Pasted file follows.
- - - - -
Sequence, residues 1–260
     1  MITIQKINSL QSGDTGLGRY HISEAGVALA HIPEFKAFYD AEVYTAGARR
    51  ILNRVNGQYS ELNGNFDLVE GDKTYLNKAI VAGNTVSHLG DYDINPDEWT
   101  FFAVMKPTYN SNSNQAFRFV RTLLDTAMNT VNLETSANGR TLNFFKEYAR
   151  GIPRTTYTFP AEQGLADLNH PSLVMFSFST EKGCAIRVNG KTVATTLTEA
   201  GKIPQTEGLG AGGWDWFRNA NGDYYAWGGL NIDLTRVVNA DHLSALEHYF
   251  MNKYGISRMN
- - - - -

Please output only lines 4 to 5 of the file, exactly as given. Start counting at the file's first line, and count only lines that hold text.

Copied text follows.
   101  FFAVMKPTYN SNSNQAFRFV RTLLDTAMNT VNLETSANGR TLNFFKEYAR
   151  GIPRTTYTFP AEQGLADLNH PSLVMFSFST EKGCAIRVNG KTVATTLTEA